Tom's Blog

Friday, October 7, 2011

Fall color at its peak

Yesterday the Conservancy had outstanding color, probably the best I have ever seen; today is equally good.

Oaks are not as colorful as maples, but they are often more variegated, with a single tree providing green, yellow, orange, and red. Hard to believe that the red above is from a white oak, since other whites in this same area are dull brown. The color of an individual tree probably depends a lot on age, position in the forest, and health.

One species of oak that seems to be consistently colorful is Hill's oak (Quercus ellipsoidalis), and we have quite a few smaller trees of this species. In fact, we had misidentified some of these trees when we constructed our tree database (calling them black oaks), but black oaks are never as colorful as the specimen shown in the photo at left.

Hill's oak, also called northern pin oak, is unique to the upper Midwest, and is mainly found on drier sites. According to the information, it occurs primarily on acidic sites, which agrees with our observations, since the pH of the soil near the tree to the left is less than 6. It is a member of the red oak group, which includes oaks with pointed leaves.

The species name (ellipsoidalis) was given because the acorns are ellipsoid in shape, and the common name comes from Chicagoan E.J. Hill, who first described this species in 1899 (Hill, E.J. 1899. A New Biennial-Fruited Oak. Botanical Gazette , Vol. 27, 204-208 plus two unnumbered pages of illustrations).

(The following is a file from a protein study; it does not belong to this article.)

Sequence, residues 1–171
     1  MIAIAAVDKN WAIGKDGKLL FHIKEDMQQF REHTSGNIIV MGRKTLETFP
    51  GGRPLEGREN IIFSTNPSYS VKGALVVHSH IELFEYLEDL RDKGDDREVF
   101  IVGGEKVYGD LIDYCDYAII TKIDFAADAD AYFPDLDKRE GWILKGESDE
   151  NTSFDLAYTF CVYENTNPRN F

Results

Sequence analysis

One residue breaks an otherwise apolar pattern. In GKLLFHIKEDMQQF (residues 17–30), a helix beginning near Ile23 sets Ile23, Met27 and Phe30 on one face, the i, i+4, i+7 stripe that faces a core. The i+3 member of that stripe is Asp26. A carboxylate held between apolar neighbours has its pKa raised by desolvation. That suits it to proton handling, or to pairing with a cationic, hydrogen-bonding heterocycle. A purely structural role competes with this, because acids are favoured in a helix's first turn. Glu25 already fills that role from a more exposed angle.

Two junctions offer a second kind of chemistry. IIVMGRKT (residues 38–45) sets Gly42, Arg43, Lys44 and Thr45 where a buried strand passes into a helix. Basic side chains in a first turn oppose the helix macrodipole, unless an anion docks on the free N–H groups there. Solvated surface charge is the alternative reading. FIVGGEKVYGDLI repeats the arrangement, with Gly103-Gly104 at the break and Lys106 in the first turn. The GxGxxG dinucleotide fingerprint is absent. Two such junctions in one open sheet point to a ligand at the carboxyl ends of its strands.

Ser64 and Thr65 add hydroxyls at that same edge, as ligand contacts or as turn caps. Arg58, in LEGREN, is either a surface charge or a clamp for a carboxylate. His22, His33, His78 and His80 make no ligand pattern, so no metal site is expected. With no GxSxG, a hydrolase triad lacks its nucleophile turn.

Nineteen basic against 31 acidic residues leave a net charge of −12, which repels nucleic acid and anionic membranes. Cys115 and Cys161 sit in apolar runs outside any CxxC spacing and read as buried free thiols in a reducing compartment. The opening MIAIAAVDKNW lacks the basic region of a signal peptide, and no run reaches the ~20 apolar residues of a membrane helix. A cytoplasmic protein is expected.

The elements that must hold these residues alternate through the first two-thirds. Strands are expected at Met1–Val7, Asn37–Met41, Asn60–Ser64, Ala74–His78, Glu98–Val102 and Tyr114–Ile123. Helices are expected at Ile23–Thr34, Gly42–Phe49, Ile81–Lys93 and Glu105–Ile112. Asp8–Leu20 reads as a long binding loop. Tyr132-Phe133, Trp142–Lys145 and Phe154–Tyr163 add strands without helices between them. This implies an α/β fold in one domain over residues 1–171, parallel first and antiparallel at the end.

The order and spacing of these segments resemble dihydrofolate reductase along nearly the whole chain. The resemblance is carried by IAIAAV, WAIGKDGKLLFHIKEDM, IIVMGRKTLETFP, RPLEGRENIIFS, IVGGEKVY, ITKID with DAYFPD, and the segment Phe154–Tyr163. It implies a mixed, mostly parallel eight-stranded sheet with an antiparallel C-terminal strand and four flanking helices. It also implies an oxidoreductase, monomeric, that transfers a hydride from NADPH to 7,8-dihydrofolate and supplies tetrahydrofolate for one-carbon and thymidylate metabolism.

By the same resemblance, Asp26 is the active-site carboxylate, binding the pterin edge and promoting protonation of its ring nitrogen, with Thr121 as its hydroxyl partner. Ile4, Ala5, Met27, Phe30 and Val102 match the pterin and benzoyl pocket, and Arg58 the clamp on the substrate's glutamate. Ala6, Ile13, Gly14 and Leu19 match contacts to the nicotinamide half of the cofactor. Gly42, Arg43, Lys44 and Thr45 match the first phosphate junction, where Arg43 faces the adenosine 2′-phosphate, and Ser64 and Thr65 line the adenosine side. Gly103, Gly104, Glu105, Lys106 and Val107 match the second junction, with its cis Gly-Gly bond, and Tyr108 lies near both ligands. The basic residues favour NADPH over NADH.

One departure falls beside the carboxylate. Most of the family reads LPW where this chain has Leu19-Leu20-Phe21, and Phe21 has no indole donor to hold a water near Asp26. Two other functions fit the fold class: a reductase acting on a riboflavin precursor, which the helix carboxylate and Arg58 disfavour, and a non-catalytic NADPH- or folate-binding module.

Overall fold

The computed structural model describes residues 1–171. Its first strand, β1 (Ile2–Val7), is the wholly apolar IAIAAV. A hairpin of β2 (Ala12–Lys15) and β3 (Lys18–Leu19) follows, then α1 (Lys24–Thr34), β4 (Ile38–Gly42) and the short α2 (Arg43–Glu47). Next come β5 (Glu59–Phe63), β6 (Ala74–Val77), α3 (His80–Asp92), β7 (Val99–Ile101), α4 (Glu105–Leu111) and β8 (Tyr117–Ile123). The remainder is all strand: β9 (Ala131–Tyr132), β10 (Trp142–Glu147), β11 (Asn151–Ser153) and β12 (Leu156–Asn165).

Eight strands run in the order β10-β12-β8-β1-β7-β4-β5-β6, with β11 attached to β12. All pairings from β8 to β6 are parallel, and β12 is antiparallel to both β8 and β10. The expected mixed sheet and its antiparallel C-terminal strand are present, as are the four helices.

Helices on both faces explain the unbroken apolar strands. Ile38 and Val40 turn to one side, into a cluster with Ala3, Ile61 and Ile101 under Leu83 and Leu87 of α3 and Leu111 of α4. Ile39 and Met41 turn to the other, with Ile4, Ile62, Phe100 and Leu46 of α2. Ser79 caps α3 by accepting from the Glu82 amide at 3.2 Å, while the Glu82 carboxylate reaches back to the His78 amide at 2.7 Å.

The other tree species that provides a lot of color is shagbark hickory, Carya ovalis, which forms intensely yellow leaves. This species is fairly common in our more open savannas, and provides great contrast with the oaks.

Black walnuts (Juglans niger), on the other hand, provide no color at all, since they have already lost their leaves. Another species that provides no interesting color is bur oak (Q. macrocarpa), whose leaves get mostly a dull gray-green. This species also loses its leaves early. They are half gone already and will be gone before the end of October.

The unusually warm, dry air is reminiscent of so-called Indian summer, but coming a bit early. According to the National Weather Service, there is an elongated area of relatively high atmospheric pressure over the region, being blocked by a polar trough to the west.

We are very close to a record high temperature. (Two years ago, when we had our landowner's forestry field day about this time, it snowed!)

If this weather had come a month later it would be ideal for the prescribed burns we are planning for early November.


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